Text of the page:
Chapter 4: Electrophoresis - Endnotes
We refer to molecular orientation. It is also possible to
separate whole cells or organelles on the basis of their
Also known as sodium lauryl sulfate or SLS.
Guidelines given by John A. Smith, in Current
Protocols in Molecular Biology, Section II, 10.2.2
"Electrophoretic Separation of Proteins". Greene Publishing
Associates, Brooklyn 1987.
The term disc is applied to discontinuous gels, but
unfortunately has two meanings when applied to
electrophoresis. Some investigators continue to use an older
reference to the discoidal front found in tube gels, and
thus use disc interchangeably with the terms column or
tube. Modern usage of the term refers to the term being
applied to a discontinuous pH system which may be run in a
tube or slab configuration.
If a continuous pH gradient is employed, the
stacking gel is eliminated, the buffers are different, and
the technique is referred to as zone electrophoresis. If
the molecules being separated are allowed to migrate to a
particular zone due to a pH gradient in the gel, the
procedure becomes known as electrofocusing.
These can be easily manufactured from 22 gauge
needles with the points ground off. Never use pointed
needles when working with acrylamide!
Alternatively, add a stirring bar to the flask
and stir on a magnetic mixer at low speed. It is important
that the solution be stirred slowly so as to not introduce
If problems are encountered using water at this
step, water saturated isobutanol may be substituted. To aid
even further, a little Oil Red O dye can be added to the
isobutanol for visual distinction. Since the alcohol is less
dense than water, it layers more readily without mixing with
the gel. It must be thoroughly rinsed out before adding the
stacking gel, however.
Teflon combs come in a variety of configurations
for sample volume and number of lanes (3,5,10,15 or 20). Use
a comb suitable for the number of samples to be run.
Prestained molecular weight standards are
available from several sources; BRL, Rockville, Md, Bio-Rad
or Sigma Chemical Co, St. Louis.
The SDS/sample buffer contains glycerol and
consequently the sample will have a higher density than the
SDS/separating buffer. It is best to use a flat tipped
micropipette designed specifically for this application, but
any flat tipped syringe needle will also work. The volume of
sample will depend on the size of the wells, but typically
is 25-100 µl. Some experimentation will be
necessary to obtain the proper volume.
In some applications, the bromphenol blue is
added to the SDS/sample buffer and thus this step is
unnecessary. Bromphenol blue is known as "tracking" dye and
is used to monitor the progress of the electrophoresis
separation. A drop of 0.1% phenol red may be substituted.
Alternatively, prestained protein standards may be used
without a tracking dye, although this is not recommended.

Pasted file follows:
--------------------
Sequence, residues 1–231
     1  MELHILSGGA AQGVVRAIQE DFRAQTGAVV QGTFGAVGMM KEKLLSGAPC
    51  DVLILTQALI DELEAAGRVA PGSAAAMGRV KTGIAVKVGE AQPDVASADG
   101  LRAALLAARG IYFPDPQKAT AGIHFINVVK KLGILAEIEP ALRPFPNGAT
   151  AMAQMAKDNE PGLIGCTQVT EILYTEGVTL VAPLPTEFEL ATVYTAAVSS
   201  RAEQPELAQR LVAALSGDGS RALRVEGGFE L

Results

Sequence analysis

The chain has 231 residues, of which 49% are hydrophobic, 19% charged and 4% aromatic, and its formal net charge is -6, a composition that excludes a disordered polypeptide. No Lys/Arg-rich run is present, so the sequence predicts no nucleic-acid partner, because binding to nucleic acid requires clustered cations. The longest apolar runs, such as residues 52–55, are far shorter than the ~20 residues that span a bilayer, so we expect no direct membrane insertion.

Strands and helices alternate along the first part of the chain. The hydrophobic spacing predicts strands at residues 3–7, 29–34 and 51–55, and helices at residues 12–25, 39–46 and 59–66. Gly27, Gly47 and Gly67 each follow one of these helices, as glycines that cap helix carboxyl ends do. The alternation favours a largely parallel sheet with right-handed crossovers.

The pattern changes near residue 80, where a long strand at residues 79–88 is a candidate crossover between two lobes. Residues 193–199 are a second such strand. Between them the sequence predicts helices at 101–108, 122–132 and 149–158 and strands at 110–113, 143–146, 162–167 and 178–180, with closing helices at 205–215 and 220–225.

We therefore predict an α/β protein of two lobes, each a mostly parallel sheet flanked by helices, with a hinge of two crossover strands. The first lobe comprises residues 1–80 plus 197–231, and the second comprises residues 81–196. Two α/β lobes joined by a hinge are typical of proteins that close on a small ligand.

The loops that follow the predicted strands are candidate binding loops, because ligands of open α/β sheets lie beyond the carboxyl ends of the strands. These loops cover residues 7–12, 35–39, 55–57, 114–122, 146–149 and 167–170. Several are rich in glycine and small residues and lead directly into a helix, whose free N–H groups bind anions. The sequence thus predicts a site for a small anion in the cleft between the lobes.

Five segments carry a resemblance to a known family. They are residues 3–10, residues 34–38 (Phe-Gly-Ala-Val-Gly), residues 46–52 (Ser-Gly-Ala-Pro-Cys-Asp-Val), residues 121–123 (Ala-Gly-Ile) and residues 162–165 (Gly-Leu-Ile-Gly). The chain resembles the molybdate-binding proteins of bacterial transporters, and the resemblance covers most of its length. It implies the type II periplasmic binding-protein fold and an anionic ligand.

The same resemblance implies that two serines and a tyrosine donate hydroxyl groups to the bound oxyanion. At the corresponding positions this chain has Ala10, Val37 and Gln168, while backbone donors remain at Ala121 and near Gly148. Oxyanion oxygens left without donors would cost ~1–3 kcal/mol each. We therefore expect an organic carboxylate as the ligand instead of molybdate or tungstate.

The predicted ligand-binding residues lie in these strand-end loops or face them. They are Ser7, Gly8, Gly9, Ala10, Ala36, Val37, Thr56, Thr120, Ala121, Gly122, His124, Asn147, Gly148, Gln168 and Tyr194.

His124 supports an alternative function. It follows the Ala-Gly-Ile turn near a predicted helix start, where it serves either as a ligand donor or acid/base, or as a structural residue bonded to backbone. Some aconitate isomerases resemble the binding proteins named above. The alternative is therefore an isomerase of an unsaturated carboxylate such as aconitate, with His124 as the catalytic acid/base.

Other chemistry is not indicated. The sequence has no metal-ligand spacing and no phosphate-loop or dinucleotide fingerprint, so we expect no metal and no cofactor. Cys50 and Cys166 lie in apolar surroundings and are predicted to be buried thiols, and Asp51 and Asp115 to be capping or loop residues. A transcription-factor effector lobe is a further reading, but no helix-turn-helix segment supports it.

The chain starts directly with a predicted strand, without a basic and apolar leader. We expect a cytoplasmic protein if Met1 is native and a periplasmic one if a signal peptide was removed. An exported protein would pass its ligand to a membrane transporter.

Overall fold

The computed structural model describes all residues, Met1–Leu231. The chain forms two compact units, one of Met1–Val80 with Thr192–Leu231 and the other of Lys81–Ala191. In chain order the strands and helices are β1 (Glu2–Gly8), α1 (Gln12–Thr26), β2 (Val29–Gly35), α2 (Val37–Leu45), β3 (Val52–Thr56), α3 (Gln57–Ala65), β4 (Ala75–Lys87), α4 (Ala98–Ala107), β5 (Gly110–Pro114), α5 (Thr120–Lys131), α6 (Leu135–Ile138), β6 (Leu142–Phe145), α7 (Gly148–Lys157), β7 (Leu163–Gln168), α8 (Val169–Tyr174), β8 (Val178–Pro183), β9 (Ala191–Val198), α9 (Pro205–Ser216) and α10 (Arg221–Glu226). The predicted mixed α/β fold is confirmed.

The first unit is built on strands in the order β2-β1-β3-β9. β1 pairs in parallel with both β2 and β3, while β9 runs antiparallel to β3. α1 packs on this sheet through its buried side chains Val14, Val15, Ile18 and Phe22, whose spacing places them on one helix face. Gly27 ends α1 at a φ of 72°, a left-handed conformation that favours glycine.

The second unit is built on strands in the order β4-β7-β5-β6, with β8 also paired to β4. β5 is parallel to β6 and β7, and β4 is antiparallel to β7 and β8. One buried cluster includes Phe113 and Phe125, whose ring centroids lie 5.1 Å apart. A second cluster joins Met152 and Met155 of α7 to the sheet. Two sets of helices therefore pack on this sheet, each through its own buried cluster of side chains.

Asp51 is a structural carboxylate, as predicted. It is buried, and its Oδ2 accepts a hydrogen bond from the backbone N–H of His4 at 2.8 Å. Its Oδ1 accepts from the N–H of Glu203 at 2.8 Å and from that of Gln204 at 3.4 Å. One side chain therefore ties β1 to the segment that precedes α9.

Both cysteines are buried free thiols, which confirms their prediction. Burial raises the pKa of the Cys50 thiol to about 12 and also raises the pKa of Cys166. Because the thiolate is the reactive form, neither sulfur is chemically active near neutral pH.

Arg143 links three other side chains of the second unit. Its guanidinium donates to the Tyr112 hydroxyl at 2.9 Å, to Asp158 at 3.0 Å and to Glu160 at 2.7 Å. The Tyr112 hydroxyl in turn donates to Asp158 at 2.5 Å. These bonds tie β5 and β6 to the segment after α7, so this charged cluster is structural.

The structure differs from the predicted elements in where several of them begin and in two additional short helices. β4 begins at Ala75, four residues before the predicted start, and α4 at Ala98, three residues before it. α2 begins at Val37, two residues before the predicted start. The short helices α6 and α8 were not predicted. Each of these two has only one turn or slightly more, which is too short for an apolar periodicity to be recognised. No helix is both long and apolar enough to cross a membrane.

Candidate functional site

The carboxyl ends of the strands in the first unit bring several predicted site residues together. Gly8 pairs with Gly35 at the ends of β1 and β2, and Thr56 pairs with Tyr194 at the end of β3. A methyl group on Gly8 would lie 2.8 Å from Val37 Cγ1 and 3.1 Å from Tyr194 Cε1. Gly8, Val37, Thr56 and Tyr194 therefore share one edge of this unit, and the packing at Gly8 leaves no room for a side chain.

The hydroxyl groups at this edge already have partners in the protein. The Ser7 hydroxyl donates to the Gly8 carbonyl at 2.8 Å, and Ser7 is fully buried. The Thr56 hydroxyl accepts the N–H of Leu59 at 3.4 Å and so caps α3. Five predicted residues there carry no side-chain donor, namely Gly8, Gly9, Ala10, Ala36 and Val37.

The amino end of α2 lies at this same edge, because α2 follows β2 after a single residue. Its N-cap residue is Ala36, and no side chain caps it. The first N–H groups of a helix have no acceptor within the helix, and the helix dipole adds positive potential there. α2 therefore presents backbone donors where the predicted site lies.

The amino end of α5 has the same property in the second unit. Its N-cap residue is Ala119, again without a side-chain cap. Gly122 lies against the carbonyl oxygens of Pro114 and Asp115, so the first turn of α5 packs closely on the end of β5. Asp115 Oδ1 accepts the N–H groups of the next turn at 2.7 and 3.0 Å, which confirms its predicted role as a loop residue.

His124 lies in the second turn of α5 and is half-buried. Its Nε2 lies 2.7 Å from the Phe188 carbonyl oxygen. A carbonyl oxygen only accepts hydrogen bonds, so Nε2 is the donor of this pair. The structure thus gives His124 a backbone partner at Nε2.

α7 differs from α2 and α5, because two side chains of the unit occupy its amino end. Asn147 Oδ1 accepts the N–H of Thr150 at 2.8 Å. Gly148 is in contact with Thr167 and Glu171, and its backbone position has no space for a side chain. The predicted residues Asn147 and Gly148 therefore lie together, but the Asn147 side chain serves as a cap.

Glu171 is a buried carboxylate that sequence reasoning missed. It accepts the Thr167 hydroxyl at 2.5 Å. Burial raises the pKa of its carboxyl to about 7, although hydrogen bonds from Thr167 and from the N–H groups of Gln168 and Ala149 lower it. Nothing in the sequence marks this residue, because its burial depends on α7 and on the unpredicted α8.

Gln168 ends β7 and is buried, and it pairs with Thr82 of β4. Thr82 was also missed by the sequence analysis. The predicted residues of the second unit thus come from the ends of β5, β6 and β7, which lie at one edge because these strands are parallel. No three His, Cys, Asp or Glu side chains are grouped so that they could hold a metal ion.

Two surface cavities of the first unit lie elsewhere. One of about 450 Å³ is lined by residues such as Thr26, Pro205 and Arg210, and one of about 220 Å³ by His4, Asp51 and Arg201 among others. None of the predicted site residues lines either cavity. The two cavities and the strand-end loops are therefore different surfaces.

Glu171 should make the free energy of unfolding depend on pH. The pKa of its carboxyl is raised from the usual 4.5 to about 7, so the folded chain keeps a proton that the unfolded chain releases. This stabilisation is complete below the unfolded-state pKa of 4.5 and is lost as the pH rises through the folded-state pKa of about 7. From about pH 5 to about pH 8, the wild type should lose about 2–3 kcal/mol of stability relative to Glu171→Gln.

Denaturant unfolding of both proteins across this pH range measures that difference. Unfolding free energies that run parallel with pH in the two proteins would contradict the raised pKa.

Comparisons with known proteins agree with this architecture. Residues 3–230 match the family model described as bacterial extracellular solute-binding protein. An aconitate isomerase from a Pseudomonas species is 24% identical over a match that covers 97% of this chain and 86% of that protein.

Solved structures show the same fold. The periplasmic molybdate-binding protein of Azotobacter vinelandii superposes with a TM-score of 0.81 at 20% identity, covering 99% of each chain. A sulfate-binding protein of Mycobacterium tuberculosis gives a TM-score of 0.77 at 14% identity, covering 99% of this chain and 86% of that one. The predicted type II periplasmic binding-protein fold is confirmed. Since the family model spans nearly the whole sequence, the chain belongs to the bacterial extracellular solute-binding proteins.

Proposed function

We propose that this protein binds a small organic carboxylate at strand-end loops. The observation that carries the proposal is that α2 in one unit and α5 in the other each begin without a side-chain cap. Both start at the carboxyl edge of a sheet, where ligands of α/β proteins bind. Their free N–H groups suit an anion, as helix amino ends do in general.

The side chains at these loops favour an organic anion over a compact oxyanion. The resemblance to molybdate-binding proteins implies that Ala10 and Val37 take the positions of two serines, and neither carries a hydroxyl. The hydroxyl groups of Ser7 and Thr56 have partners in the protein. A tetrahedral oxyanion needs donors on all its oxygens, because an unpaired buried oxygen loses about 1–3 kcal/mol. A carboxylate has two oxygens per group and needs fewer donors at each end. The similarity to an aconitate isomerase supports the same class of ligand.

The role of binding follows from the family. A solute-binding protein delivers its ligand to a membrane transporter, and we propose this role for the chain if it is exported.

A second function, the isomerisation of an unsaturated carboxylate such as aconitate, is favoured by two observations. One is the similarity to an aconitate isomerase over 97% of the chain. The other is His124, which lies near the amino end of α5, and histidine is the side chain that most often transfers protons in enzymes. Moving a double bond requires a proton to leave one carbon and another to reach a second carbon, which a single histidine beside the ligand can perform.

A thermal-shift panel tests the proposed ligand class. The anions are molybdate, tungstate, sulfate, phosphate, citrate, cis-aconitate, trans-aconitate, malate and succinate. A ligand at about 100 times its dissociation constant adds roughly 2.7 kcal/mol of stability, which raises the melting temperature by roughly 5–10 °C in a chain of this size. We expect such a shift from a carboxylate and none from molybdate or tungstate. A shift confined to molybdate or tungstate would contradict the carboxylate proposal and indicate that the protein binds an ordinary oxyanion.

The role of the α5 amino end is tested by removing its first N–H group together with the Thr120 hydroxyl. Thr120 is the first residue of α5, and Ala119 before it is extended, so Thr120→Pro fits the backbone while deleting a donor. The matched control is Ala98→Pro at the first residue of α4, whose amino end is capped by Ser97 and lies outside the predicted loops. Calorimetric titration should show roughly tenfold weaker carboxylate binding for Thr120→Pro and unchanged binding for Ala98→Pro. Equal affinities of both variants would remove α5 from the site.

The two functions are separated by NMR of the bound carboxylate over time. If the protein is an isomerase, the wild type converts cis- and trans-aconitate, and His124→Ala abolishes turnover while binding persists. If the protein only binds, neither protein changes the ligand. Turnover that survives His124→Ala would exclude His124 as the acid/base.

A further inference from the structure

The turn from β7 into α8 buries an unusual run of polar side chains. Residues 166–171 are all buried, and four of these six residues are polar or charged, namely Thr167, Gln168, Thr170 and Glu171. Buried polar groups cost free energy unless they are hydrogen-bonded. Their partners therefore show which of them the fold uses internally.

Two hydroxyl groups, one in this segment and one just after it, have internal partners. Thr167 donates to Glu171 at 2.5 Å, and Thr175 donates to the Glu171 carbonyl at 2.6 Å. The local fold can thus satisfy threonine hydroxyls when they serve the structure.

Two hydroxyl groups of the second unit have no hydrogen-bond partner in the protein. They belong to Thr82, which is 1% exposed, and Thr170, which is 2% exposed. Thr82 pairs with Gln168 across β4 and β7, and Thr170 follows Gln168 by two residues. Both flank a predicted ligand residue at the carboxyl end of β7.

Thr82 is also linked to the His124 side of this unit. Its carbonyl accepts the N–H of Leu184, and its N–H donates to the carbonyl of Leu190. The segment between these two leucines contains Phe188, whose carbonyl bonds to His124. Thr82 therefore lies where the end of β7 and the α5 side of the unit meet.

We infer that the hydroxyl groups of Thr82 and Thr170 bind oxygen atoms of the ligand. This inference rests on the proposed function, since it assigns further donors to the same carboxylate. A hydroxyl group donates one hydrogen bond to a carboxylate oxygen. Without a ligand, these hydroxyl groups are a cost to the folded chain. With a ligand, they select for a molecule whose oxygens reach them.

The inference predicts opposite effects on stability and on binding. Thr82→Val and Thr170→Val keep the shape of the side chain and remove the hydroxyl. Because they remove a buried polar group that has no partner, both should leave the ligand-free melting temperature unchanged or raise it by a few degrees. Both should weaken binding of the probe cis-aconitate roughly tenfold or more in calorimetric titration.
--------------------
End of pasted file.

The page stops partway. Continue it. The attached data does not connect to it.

10x10x2 glass baking dishes are useful for this
purpose, or ordinary refrigerator containers of appropriate
size. While the former will need a covering of plastic wrap,
the latter come with lids.
If tube gels are used, the apparatus used for
separation can be modified for stain removal if slightly
larger tubes can be fitted. Place a gel that has been washed
in water and 7% acetic acid (1 hr.) into a tube that has had
a 0.5 cm gel plug formed in the tip. Place the gel into the
tube with the origin up, that is away from the plug, and
fill the tube with 7% acetic acid. Insert the tube into the
appropriate apparatus and fill both upper and lower chambers
with 7% acetic acid. With the upper pole as the cathode,
apply a 15 milliamp current per tube. The stain will wash
into the lower bath and the progress can be monitored
Fotodyne Inc. New Berlin, Wisconsin.
Measurements can be made easier if the image of
the gel is first enlarged such that the distance from the
point of origin to the front is 10 cm on the final print.
This can be done with a photographic enlarger, and a print
may not be required.
Directions given for Isco Model 1312 Gel Scanner
(Isco, Inc. 4700 Superior, Lincoln, NE 68504).
Alternatively, a cruder yet effective method, is
to cut the peaks from the paper tracing and weigh the paper
for each peak. This must be done at one period of time to
prevent changes in the weight due to humidity. The technique
is surprisingly accurate, however. This process can also be
used with photographs of the gels, without the use of an
expensive gel scanner.
Human serum works well for this exercise, and students may
use their own blood. To avoid the obvious problems in
obtaining safe samples of human blood products, substitute
fresh sera from laboratory animals. A rabbit or rat will work,
but the LDH patterns will be different than those given in
C.L. Markert and F. Moller 1959.
From Enzyme-Linked Immunoelectrotransfer Blot
Technique (Western Blot) for Human T-Lymphotropic Virus Type
III/Lymphadenopathy-Associated Virus (HTLV-III/LAV)
Antibodies VC.W.Tsang, K.Hanclck, M. Wilson, D.F. Palmer,
S.D. Whaley, J.S. McDougal, S. Kennedy. Immunology Series
No. 15 Procedural Guide. U.S. Dept. of Health and Human
Services. December 1986.
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Cell Biology Laboratory Manual
Dr. William H. Heidcamp, Biology Department, Gustavus Adolphus College,
St. Peter, MN 56082 -- email@example.com